It is unusual to be such a big professional basketball fan where I’m from. The demographic is generally much more interested in baseball and football, save for March Madness. I didn’t even really realize that there was such a thing as the NBA until I was probably 12 years old or so. At my house, we watched a lot of Cardinals baseball and my Dad would record the Chiefs on a VHS on Sundays, but that was about our only sports intake. I, therefore, missed the Michael Jordan era entirely, though he was probably the only pro I could name at the time.

Once I was aware of it, I still didn’t watch, because no one else did either. Things changed when my Dad got caught up in Steve Nash highlights around 2005 or so. He and I played High Heat Baseball on the computer, Knockout Kings boxing on the GameCube, and NFL 2K on the Ps2. One day, he came home with NBA Live 2005 for the GameCube, and I was never the same.

Pops and I played the game for multiple hours each week. We would play with each other many nights when he got home from work and almost every Sunday afternoon. He usually stuck with the highly-rated Spurs or Pistons, while I loved to be different teams all the time, learning about every player in the game. I beat him down without mercy, winning right around 95% of the time. Dad chose instead to pursue moral victories by being under the “line of embarrassment” (20 points) or even the “line of humiliation” (30 points).

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I learned so much about the teams and players, that I quickly became a big fan of the league. Once I got to high school, one of my favorite teachers introduced us to fantasy sports. My LeBron James-led fantasy squad took first place in my first fantasy season and I became deeply hooked on NBA basketball. I began watching games all the time, buying all kinds of merchandise, and exhausting people around me with statistics. I started my own fantasy league, which I usually won in the beginning, but my fondness for certain players has led to less competitive seasons recently (looking at you, Blake Griffin).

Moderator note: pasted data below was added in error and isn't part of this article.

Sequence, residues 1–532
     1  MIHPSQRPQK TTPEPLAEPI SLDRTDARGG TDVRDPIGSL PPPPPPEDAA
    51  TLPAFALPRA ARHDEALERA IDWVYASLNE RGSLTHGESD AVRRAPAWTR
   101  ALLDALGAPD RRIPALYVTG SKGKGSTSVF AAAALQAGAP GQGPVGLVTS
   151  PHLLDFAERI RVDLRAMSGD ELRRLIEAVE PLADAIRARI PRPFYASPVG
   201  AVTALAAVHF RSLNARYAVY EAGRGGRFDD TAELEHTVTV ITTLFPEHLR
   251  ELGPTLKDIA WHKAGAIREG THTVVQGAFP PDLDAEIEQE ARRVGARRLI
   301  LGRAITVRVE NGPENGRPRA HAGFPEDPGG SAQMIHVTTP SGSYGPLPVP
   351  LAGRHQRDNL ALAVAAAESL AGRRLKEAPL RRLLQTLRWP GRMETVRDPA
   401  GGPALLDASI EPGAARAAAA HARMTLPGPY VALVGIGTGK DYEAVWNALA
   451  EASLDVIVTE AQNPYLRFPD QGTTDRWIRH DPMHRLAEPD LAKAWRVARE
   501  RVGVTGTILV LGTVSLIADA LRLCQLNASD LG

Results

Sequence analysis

So here I am, an NBA fan in Southwest Missouri with a man-cave filled with junk and a mind filled with what some might consider pretty useless knowledge. I do have some good friends that keep up with the NBA also (or at least humor me) and a wife that puts up with me and even knows who Luis Scola is. The 2017-18 season starts soon – many people feel like last season just ended. They’ll get over it though, and people like me are wildly excited to get started. So it will continue year after year. I just hope that I will have a future kid that will beat me down mercilessly in an NBA video game someday and fall in love with the game also. Long live the NBA!

Draft Day

Arguably the most important day of any fantasy season whether it’s football, basketball, or fantasy Bachelorette… is draft day. I should note that I’ve surprisingly never played fantasy Bachelorette, so I’m just guessing.

Draft day is when you meticulously select your players for the upcoming fantasy season. You are never alone, as your rivals are also selecting who they think will give them the best chance to walk away victorious in the end. You might spring for someone that no one else thought of. Or, you might be eyeing a player only to see them be selected right before your turn to pick. It is a masculine emotional rollercoaster. Tears can’t be seen streaming, however, only insults.

Sure, you can drop, add, and trade players for the majority of the year. The draft though is where you establish the core of your team to set the tone for the season. The first couple of rounds are always the most exciting. That’s where you select the cream of the crop that will be the centerpieces for your team. On draft day, you can be optimistic and at least have a day or two to have a full team that you can have total faith in. Two days later, your top pick might get hurt in practice and be out for a few months or the whole season – considerably less fun than draft day.